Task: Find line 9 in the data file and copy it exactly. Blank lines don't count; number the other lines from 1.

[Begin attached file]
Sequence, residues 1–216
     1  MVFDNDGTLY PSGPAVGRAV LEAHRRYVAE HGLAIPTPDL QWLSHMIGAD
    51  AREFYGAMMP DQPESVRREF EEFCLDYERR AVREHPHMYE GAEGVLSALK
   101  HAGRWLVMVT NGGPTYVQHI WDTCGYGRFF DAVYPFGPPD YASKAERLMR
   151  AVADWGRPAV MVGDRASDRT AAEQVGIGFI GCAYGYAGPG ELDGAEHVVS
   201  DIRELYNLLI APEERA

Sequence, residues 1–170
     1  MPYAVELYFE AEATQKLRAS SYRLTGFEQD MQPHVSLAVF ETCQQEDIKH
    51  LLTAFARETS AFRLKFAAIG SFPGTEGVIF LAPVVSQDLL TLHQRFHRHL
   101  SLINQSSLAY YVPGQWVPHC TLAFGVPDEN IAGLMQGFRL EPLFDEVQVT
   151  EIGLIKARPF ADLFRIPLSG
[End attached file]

    51  LLTAFARETS AFRLKFAAIG SFPGTEGVIF LAPVVSQDLL TLHQRFHRHL